Archaeological and Anthropological Sciences

, Volume 10, Issue 5, pp 1087–1109 | Cite as

Metallurgical traditions and metal exchange networks in late prehistoric central Myanmar, c. 1000 BC to c. AD 500

  • Thomas Oliver Pryce
  • Kalayar Myat Myat Htwe
  • Myrto Georgakopoulou
  • Tiffany Martin
  • Enrique Vega
  • Thilo Rehren
  • Tin Tin Win
  • Thu Thu Win
  • Peter Petchey
  • Jitlada Innanchai
  • Baptiste Pradier
Original Paper


Myanmar has been notably underrepresented in recent studies of archaeometallurgy in Southeast Asia, despite its richness in both mineral and cultural resources and its potentially central role in long-distance exchange networks linking India, China and peninsular neighbours. Here, we present original analytical data on copper-base artefacts from several Bronze Age and Iron Age sites in Myanmar. Observed microstructures range from as-cast, worked, to fully annealed; compositions include leaded copper, low-tin to high-tin bronzes, and arsenical copper/bronze. Lead isotope analyses indicate that the metal originates from different geological sources, including several that match the lead isotope signatures of known prehistoric copper mines in Thailand and Laos. These archaeometallurgical data, including evidence for secondary copper-base production, more than double those currently available for Myanmar and document the presence of multiple local alloying and working traditions, perhaps chronologically differentiated, as well as identifying possible links to primary mineral sources across the region. Overall, this adds significant new information to the emerging picture of Southeast Asian prehistoric metallurgy at the crossroads of several major ancient cultures.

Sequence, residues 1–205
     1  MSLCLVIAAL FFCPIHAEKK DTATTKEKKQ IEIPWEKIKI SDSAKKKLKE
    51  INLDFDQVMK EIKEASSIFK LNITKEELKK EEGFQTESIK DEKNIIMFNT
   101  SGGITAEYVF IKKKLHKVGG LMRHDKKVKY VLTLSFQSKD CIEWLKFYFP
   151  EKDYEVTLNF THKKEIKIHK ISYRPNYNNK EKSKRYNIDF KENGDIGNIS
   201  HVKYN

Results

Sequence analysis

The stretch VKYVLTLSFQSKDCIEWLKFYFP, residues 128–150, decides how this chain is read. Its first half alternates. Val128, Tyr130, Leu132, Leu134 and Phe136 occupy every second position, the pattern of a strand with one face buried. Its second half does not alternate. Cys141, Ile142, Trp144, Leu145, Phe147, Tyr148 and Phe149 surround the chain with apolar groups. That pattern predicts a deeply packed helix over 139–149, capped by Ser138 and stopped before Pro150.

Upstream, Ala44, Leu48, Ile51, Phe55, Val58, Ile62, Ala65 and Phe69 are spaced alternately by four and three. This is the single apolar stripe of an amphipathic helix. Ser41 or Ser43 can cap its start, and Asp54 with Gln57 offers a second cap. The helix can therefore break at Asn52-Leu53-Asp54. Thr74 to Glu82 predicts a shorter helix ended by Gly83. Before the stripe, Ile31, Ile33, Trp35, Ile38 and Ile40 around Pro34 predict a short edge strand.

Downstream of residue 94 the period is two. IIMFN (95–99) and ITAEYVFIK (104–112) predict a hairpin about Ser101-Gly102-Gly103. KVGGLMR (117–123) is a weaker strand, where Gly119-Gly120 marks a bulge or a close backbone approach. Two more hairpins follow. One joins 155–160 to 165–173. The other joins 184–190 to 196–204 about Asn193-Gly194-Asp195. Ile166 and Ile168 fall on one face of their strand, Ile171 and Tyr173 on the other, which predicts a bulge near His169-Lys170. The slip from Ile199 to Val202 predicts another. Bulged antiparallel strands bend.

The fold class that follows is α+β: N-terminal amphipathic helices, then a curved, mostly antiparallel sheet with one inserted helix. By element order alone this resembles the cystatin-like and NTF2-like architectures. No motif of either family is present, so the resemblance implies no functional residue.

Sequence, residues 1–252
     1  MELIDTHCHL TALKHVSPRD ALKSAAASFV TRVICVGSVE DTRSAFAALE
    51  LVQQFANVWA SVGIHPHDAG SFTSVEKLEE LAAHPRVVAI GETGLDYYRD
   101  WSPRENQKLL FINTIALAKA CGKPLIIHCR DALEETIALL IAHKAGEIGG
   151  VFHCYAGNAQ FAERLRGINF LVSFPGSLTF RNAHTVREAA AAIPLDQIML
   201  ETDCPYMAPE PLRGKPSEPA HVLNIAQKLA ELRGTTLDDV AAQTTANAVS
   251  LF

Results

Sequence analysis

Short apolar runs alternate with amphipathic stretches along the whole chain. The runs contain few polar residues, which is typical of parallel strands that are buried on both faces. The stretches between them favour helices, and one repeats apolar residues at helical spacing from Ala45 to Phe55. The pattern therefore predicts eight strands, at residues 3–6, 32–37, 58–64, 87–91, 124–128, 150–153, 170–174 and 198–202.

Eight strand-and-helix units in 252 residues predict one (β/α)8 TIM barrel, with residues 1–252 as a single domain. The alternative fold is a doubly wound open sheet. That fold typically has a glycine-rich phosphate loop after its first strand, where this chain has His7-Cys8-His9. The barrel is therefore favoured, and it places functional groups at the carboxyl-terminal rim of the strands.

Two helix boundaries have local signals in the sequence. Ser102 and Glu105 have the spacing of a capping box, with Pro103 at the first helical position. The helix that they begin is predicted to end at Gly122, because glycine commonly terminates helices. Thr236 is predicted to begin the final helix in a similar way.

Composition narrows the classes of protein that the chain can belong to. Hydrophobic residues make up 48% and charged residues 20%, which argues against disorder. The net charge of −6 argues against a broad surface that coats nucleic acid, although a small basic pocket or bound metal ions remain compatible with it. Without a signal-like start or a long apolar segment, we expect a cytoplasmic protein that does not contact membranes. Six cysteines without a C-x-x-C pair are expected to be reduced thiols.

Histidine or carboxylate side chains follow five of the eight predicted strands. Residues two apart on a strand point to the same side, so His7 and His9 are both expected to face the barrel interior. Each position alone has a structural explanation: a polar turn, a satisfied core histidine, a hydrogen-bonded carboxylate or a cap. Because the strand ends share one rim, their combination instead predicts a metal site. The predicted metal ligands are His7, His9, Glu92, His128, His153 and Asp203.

Southeast Asia Myanmar Lead isotope analysis Metal exchange networks 



The excavation and study of material by the Mission Archéologique Française au Myanmar was conducted with the kind authorisation and support of the Myanmar Ministry of Religious Affairs and Culture and was financed by the French Ministry of Foreign Affairs and International Development. Kalayar Myat Myat Htwe’s training programme was financed by the generosity of Qatar Foundation. We also wish to express our gratitude for the administrative support of the French cultural attaché of the Institut français de Yangon, M. Charles Bonhomme, and his team. Finally, we offer our thanks to the two anonymous reviewers for their detailed and pertinent critique, though any remaining errors are our responsibility.


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Copyright information

© Springer-Verlag Berlin Heidelberg 2016

Authors and Affiliations

  • Thomas Oliver Pryce
    • 1
    • 2
  • Kalayar Myat Myat Htwe
    • 3
  • Myrto Georgakopoulou
    • 4
  • Tiffany Martin
    • 4
  • Enrique Vega
    • 2
  • Thilo Rehren
    • 4
    • 5
  • Tin Tin Win
    • 6
  • Thu Thu Win
    • 6
  • Peter Petchey
    • 7
  • Jitlada Innanchai
    • 8
  • Baptiste Pradier
    • 1
  1. 1.C.N.R.S., UMR 7055 Préhistoire et TechnologieUniversité de Paris Ouest la DéfenseNanterreFrance
  2. 2.Laboratoire Archéomatériaux et Prévision de l’Altération : LMC IRAMAT UMR5060 CNRS et NIMBE UMR3685 CEA/CNRSSaclayFrance
  3. 3.Department of ArchaeologyDagon UniversityYangonMyanmar
  4. 4.UCL QatarUniversity College LondonDohaQatar
  5. 5.College for Humanities and Social Sciences Hamad Bin Khalifa UniversityDohaQatar
  6. 6.Ministry of Religious Affairs and CultureMandalayMyanmar
  7. 7.Department of Anthropology and ArchaeologyUniversity of OtagoDunedinNew Zealand
  8. 8.Independent ScholarLampangThailand

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